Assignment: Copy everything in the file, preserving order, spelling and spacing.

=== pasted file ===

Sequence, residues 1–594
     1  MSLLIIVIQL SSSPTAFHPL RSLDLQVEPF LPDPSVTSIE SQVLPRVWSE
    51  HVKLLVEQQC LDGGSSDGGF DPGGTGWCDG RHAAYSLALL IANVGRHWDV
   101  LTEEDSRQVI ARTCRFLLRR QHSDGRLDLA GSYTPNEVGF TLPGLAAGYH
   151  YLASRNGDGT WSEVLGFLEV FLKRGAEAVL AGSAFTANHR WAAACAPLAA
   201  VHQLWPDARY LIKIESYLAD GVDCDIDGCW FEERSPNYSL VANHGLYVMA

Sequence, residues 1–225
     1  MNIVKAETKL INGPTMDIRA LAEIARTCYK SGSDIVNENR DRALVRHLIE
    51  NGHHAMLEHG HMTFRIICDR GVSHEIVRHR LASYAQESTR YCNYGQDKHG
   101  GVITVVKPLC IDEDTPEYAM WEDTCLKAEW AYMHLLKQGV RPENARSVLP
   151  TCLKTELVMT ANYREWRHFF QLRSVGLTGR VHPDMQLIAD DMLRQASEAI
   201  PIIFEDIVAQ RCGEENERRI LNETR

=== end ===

Sequence, residues 1–594
     1  MSLLIIVIQL SSSPTAFHPL RSLDLQVEPF LPDPSVTSIE SQVLPRVWSE
    51  HVKLLVEQQC LDGGSSDGGF DPGGTGWCDG RHAAYSLALL IANVGRHWDV
   101  LTEEDSRQVI ARTCRFLLRR QHSDGRLDLA GSYTPNEVGF TLPGLAAGYH
   151  YLASRNGDGT WSEVLGFLEV FLKRGAEAVL AGSAFTANHR WAAACAPLAA
   201  VHQLWPDARY LIKIESYLAD GVDCDIDGCW FEERSPNYSL VANHGLYVMA

Sequence, residues 1–225
     1  MNIVKAETKL INGPTMDIRA LAEIARTCYK SGSDIVNENR DRALVRHLIE
    51  NGHHAMLEHG HMTFRIICDR GVSHEIVRHR LASYAQESTR YCNYGQDKHG
   101  GVITVVKPLC IDEDTPEYAM WEDTCLKAEW AYMHLLKQGV RPENARSVLP
   151  TCLKTELVMT ANYREWRHFF QLRSVGLTGR VHPDMQLIAD DMLRQASEAI
   201  PIIFEDIVAQ RCGEENERRI LNETR